At the bottom of the worksheet there’s a section called Speech Synthesizer Control. This allows us to enable the speech engine, and to have the it continually repeat the text. There are two input ports called Com1 ATIS Enable and Com2 ATIS Enable that come from the host. The host determines if either of the VHF communications radios has tuned to the correct ATIS frequency for the currently selected airport. If true, it sets the appropriate enable flag. These inputs are wired to a Logical OR object whose output goes to the Enable port. Just above this logic, is a constant wired to a port labeled Repeat. With the constant set to 1.0, this tells the speech engine to continually repeat the text found in ATIS.txt. These two ports, can be found in the Ports window by selecting the Speech Synthesizer Control I/O device, shown in Figure 52.

Figure 52.  Speech Synthesizer Control Ports

Now let’s talk a little bit about the ATIS.txt file. This file is what the speech engine reads and “vocalizes.” It’s pretty straight forward, but there are some twists. The speech engine will say everything that is in the text file except for comments and logic that is encapsulated within curly braces ({}). Comments start with two slashes (//) at the beginning of a line. Logic is used to decode what’s in a port location. For instance, the first 17 logic statements check port 1 (Airport ID) for the value corresponding to the textual name for that airport. If value in port 1 is equal to say 5, the speech engine would say  “Kennedy Airport.” Sometimes the speech engine doesn’t get the intonation of a word quite right. Hence you’ll see different spellings for Cincinnati, Milwaukee, fog, and winds.

At the bottom of ATIS.txt, is a command that tells the device to wait 4 seconds before repeating. For more information on this command, and many more like it, refer to the V+ Text to Speech Device, refer to the V+ Text To Speech I/O Device User Manual.

The second part of the ATIS V+ worksheet (Figure 55), deals with the volume level of the ATIS. There are two models on this worksheet: one that handles ATIS volume in the Pilot’s headset and overhead speaker, and one that handles the ATIS volume in the CoPilot’s headset and overhead speaker. These models are very similar, so we’ll only consider the pilot’s model.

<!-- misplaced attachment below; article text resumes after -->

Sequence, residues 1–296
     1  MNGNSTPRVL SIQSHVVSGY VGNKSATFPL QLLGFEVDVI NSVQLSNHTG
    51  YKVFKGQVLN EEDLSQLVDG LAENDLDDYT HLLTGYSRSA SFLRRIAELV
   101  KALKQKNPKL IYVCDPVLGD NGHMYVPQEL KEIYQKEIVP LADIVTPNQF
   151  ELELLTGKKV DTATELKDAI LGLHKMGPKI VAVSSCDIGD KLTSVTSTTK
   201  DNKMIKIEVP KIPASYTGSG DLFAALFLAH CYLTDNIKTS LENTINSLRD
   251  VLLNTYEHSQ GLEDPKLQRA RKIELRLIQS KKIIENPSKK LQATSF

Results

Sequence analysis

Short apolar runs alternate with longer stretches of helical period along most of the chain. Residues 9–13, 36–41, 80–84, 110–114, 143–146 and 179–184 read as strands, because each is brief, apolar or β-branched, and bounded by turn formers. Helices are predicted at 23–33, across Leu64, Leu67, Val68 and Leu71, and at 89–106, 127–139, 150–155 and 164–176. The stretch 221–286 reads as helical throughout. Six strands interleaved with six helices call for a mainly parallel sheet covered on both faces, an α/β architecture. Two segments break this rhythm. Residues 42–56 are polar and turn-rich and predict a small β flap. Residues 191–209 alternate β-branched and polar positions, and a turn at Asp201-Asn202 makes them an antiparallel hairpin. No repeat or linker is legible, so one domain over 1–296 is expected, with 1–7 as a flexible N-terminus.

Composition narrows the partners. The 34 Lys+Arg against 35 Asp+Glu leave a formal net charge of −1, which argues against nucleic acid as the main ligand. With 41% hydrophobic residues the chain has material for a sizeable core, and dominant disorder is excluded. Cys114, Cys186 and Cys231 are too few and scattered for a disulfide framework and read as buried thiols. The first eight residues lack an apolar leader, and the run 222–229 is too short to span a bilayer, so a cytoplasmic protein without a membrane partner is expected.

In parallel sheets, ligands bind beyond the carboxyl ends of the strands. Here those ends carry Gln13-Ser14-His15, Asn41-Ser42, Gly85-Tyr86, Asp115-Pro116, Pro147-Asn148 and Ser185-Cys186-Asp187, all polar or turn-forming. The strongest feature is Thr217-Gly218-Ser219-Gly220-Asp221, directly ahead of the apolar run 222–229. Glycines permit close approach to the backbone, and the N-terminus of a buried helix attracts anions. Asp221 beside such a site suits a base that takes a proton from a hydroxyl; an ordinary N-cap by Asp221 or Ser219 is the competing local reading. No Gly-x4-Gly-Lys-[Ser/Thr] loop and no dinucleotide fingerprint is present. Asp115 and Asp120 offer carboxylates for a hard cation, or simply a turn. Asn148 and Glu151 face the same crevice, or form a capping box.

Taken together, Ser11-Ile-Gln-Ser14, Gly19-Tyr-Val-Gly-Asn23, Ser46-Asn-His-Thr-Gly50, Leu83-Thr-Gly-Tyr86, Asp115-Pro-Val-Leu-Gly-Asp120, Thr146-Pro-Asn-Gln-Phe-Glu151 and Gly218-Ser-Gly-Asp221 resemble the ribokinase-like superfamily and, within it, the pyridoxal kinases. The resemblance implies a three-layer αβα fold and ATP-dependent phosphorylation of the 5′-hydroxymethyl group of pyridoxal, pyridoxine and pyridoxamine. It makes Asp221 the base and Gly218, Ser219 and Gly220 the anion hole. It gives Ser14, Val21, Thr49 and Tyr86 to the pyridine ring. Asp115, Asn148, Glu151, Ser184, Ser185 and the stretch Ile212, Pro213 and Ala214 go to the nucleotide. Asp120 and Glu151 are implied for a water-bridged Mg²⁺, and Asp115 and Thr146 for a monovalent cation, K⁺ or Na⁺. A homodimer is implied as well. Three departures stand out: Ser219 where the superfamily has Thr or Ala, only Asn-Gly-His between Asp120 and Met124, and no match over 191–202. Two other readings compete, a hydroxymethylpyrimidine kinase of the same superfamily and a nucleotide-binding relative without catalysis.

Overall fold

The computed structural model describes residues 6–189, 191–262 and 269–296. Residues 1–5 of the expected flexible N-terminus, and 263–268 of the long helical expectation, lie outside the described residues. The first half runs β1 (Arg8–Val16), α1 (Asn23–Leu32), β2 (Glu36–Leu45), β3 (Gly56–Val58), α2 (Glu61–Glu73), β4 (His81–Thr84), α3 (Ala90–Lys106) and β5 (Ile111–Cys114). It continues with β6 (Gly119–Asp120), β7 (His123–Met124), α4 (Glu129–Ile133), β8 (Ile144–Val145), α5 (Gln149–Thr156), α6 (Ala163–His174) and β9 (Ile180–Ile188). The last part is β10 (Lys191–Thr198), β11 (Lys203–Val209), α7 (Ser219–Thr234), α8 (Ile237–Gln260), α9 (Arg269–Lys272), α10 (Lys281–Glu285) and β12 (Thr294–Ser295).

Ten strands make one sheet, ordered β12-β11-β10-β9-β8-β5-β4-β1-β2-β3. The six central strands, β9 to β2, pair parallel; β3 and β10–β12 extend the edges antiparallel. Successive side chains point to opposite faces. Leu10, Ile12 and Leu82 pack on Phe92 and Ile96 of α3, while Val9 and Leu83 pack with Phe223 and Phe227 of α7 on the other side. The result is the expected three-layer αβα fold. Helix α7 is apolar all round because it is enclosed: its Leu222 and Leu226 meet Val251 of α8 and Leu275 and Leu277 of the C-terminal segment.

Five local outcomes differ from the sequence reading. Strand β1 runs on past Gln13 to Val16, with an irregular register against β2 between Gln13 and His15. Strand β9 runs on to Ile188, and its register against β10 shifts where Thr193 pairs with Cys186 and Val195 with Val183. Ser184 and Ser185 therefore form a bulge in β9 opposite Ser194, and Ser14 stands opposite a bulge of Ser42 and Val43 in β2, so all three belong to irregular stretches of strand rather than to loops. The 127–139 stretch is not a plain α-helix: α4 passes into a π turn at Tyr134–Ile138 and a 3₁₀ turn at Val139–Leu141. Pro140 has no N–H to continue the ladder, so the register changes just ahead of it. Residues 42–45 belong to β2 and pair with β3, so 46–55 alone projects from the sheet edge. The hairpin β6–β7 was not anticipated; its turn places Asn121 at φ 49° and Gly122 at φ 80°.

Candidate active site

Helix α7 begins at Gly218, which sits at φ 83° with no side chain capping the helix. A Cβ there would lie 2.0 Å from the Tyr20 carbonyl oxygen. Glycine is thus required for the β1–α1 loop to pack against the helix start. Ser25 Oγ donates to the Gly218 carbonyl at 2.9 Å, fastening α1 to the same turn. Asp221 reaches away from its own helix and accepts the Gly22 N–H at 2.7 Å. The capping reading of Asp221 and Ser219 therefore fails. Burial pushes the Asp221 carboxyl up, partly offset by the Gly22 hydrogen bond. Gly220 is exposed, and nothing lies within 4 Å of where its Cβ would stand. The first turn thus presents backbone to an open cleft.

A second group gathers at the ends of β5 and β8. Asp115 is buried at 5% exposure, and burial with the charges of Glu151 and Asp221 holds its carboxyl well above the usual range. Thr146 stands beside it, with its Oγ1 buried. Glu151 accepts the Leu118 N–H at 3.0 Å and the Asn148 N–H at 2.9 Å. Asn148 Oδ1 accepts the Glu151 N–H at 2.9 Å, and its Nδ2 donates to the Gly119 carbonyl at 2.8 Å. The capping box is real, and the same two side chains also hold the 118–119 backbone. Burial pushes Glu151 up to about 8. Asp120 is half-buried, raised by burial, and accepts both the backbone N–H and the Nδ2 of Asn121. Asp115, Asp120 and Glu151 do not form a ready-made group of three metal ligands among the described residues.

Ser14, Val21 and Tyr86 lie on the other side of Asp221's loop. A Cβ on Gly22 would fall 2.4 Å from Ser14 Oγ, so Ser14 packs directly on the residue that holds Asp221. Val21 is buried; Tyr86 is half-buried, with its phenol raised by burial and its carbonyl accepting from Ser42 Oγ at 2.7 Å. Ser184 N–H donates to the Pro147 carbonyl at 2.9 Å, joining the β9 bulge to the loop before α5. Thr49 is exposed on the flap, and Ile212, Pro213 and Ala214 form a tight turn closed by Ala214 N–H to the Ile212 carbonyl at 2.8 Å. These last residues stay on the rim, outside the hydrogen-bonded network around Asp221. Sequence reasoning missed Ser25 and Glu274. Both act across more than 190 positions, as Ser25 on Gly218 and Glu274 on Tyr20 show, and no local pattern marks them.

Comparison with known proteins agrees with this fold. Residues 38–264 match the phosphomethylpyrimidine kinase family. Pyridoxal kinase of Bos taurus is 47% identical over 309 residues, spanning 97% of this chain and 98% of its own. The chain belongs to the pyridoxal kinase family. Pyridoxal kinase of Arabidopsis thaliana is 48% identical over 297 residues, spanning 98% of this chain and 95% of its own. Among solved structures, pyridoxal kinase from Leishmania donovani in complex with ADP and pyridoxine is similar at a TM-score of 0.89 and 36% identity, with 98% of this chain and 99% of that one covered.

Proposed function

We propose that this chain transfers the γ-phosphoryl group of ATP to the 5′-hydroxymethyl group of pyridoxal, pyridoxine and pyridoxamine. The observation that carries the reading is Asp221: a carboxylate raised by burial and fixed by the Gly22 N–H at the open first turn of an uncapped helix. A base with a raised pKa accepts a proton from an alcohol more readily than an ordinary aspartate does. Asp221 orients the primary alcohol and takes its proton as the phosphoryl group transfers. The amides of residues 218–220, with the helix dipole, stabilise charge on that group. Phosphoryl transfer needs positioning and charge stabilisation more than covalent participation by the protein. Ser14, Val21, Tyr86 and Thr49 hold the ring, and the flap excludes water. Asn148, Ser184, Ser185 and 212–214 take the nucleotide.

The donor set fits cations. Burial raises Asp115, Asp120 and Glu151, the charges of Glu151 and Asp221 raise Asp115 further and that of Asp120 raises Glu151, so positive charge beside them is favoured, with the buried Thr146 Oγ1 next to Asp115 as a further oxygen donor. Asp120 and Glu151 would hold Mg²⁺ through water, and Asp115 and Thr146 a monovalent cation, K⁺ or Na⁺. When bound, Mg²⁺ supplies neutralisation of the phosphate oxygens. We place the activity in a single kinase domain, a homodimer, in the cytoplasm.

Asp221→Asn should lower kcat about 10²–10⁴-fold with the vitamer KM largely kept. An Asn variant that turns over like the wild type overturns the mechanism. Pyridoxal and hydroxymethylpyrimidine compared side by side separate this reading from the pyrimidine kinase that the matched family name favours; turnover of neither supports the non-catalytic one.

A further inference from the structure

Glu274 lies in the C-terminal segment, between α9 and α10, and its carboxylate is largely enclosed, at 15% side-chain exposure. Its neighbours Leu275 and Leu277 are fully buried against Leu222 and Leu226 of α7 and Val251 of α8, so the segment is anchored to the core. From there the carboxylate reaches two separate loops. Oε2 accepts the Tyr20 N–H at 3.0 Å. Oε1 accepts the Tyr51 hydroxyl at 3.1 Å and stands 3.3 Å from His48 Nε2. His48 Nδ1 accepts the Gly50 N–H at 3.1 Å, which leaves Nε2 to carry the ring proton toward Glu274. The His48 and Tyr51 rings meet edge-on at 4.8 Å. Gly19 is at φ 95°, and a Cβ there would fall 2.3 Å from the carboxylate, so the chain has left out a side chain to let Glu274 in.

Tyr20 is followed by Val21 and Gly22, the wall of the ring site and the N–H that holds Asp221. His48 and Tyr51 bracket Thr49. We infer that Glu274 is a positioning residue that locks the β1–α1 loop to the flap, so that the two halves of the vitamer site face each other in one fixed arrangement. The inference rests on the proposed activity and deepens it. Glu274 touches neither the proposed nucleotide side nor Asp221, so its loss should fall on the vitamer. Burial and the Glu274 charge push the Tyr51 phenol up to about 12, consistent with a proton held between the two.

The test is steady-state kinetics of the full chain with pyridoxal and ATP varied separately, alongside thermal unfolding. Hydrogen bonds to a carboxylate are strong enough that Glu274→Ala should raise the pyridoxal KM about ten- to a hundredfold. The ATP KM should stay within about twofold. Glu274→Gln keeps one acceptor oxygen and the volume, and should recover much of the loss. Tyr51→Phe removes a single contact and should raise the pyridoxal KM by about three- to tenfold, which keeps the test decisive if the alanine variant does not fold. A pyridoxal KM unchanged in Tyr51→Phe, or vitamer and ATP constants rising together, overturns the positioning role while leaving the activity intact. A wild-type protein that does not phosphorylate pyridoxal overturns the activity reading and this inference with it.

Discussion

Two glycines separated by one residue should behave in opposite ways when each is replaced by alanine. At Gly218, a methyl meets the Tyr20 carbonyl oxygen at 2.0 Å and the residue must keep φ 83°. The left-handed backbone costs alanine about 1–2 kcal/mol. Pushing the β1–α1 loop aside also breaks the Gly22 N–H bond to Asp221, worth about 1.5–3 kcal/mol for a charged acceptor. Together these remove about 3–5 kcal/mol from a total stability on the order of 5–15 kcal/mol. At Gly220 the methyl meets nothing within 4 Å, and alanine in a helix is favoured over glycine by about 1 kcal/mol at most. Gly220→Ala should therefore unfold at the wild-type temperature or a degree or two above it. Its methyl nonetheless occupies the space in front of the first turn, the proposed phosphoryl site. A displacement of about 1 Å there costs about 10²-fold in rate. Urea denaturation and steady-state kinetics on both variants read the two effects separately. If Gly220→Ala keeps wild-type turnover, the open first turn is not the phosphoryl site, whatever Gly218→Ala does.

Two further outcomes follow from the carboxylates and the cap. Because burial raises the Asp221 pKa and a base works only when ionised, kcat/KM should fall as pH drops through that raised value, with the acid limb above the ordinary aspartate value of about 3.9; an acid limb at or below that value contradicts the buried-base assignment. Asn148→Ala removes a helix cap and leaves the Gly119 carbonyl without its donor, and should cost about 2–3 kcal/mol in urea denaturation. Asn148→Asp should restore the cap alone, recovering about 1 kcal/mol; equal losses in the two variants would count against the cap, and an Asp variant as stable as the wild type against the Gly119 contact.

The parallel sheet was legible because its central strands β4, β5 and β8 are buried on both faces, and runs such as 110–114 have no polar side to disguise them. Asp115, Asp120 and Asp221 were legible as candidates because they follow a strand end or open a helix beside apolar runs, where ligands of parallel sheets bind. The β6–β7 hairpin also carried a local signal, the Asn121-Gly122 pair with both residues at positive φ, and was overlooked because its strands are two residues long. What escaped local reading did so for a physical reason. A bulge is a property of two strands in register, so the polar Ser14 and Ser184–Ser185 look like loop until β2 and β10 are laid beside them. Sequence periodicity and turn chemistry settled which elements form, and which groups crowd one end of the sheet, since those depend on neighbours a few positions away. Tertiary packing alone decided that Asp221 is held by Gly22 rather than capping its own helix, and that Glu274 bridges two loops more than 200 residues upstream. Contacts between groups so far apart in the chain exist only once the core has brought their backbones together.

There are four inputs and two outputs in this model. Two of the inputs are the COM 1 Master Volumes and COM 2 Master Volume. These are the volume control knobs on the radio heads. The other two inputs are worksheet connectors that come from PilotCommLogic. They are the Pilot COM 1 and COM 2 switches located on the audio control panel. These switches are either on or off, with values of 1 or 0 respectively. In the top half of the model, the COM 1 volume is multiplied by the COM 1 switch resulting in either 0 or the setting of the volume knob. In the bottom half, the COM 2 volume is multiplied by the COM 2 switch to produce a similar result. These two results are then added together, limited to 1, and fed to the two DSP outputs: ATIS to Pilot Headset and ATIS to Pilot Overhead Speaker. Adding the two comm radio signals together and then limiting the result to 1 is not totally real-world accurate, but close enough for simulator purposes. The reason for the limiting is because the DSP will react strangely to a value greater than 1.

Figure 53. ATIS Design

ATISTextTemplate.gif (29294 bytes)

Figure 54.  ATIS.txt File

Figure 55. ATIS Design (Comm Radio Head Volume Controls)


Beech 1900D Aircraft


- concept

- space analysis

- speakers & amps

Data Collection

Sound File Editing

Computer Interface

Computer Configuration

Aero & Environmental V+ designs

- top level

- engine

- flaps & fuselage

- gear

- tires & runway

- tire blow

- weather

- windshield

- explosions

- audible warnings



- marker beacon

Communications V+ Designs


- pilot

- copilot


Speaker & Amp Specifications

Host Buffer Interface Table